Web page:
Join us when the Tubman Museum and Middle Georgia Regional Library present veteran journalist, Karen Branan, as she discusses her book “The Family Tree: A Lynching in Georgia, a Legacy of Secrets, and My Search for the Truth“ at the Tubman Museum.
“Ever since I was a child,” Karen Branan writes, “I wanted to be a writer. More specifically, I wanted to write a book about a small town in the South.” As a child growing up in Hamilton, Georgia, Branan was the granddaughter of the sheriff. She played in empty courtrooms with her friends, eavesdropped on grownups’ conversations, and felt uncomfortable when whites talked in derogatory tones to or about black people. But it wasn’t until she was in her forties, interviewing her ninety-year-old grandmother for an oral history, that one of the grandmother’s comments unlocked a mystery.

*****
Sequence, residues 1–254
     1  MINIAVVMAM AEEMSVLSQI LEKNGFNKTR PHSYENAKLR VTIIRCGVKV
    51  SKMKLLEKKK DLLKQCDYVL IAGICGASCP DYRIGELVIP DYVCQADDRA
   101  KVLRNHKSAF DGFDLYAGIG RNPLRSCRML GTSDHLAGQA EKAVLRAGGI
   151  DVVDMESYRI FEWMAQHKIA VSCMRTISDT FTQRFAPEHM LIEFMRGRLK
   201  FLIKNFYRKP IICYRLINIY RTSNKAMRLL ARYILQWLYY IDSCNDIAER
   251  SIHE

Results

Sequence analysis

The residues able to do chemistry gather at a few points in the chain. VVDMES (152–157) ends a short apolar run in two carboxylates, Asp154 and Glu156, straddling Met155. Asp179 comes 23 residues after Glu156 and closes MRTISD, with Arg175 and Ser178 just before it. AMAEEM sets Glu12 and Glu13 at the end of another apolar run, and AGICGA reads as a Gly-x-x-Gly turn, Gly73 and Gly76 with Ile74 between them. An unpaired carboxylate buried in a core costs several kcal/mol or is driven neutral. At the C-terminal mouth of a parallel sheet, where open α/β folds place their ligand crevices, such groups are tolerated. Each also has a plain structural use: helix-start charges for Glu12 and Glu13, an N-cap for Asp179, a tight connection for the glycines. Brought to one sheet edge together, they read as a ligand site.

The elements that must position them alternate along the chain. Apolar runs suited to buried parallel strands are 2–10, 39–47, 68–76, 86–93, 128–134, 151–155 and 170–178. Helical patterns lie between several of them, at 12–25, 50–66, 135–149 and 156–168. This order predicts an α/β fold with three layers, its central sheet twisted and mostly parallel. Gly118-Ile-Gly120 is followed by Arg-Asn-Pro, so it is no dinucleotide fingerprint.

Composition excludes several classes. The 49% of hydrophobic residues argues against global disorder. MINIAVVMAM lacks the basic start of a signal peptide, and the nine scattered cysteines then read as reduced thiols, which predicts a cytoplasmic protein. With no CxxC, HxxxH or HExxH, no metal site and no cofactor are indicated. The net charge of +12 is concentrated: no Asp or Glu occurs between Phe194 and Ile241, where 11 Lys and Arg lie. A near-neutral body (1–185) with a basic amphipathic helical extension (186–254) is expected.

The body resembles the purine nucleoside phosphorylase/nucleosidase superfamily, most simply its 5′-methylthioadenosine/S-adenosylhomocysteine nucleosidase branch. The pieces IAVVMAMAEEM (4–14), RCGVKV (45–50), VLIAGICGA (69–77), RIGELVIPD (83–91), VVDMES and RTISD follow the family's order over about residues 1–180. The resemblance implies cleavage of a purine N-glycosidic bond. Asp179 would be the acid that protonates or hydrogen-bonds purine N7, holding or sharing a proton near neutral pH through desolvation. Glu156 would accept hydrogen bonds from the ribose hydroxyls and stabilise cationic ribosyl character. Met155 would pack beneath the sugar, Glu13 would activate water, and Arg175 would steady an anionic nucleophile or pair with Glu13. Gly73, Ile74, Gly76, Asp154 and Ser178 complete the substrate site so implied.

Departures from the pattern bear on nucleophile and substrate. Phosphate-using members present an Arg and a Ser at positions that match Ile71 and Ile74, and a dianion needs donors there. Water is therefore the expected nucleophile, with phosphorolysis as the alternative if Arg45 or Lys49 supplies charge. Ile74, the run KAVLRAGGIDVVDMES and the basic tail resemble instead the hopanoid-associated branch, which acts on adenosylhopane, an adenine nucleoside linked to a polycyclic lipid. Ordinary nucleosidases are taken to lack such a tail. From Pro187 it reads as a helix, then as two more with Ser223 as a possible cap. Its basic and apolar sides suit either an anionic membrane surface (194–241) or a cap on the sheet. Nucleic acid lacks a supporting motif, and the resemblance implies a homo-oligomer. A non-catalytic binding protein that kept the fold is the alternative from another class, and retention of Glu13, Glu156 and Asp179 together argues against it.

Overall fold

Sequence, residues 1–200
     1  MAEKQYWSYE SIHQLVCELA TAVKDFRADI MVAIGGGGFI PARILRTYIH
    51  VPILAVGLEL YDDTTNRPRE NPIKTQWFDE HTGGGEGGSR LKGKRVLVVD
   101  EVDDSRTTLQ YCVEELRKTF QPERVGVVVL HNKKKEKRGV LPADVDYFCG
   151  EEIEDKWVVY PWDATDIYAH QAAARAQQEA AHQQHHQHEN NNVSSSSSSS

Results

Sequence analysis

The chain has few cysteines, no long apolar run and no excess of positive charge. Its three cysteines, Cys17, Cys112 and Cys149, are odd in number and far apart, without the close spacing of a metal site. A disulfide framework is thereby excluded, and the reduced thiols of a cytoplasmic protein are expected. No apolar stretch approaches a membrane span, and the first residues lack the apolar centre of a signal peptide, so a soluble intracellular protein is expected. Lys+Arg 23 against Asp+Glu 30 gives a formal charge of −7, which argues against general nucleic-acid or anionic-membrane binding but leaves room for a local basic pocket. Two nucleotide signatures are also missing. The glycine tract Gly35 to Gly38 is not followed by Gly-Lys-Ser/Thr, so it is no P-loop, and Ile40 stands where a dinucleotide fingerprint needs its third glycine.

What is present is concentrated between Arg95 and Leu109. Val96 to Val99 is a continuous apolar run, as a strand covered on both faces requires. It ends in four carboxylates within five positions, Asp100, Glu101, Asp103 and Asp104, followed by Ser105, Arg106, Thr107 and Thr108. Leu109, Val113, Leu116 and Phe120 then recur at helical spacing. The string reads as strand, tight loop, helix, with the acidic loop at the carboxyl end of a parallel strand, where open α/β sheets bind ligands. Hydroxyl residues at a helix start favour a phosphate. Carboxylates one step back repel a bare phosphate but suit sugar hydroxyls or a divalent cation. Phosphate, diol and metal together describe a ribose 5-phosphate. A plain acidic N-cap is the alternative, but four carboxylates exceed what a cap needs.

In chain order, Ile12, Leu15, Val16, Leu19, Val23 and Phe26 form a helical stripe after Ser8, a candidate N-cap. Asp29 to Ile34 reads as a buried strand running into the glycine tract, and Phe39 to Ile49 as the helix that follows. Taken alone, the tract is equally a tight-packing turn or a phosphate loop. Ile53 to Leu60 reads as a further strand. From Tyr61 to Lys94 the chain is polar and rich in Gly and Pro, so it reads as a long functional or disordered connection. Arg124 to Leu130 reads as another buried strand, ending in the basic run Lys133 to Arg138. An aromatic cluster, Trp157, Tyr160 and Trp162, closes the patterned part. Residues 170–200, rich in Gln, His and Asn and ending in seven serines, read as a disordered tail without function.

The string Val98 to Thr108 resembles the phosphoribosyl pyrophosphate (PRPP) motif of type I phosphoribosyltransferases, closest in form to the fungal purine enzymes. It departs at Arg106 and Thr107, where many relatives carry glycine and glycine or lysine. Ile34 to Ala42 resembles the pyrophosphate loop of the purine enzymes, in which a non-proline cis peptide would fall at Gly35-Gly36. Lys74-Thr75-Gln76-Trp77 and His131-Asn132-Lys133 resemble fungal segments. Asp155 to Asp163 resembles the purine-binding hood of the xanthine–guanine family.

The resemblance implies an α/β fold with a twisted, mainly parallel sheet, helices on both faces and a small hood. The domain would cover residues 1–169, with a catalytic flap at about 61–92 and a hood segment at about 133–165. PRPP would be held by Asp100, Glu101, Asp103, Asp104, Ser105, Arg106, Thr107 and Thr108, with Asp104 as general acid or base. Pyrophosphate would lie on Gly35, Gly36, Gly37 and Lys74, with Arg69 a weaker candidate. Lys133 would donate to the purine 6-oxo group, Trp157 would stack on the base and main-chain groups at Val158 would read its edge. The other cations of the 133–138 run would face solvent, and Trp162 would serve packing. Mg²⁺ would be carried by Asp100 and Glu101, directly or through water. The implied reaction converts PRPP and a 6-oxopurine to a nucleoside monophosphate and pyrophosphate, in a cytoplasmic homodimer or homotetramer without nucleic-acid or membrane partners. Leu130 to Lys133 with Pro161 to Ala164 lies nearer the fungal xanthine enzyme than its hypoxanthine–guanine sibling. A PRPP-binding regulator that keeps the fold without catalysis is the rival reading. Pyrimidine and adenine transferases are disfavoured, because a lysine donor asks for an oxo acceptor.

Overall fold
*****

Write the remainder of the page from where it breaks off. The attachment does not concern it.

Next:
In The Family Tree: A Lynching in Georgia, a Legacy of Secrets, and My Search for the Truth (Atria Hardcover; 978-1-4767-1718-0; January 5, 2016; $26), Branan describes her almost twenty-year search for the truth behind her grandmother’s casual reply to the query “What is your most unforgettable memory?” The reply was, “The hanging,” which Branan would learn referred to the 1912 lynching of four black residents–a woman and three men–in retaliation for the killing of the sheriff’s nephew. Newly sworn into office, the sheriff–Branan’s maternal great-grandfather–allowed the lynching, for which no one was ever apprehended.
To read more about the book that the Washington Post described as “…a fitting companion to Toni Morrison’s novel Beloved… examining the generational effects of racial violence…” Click Here!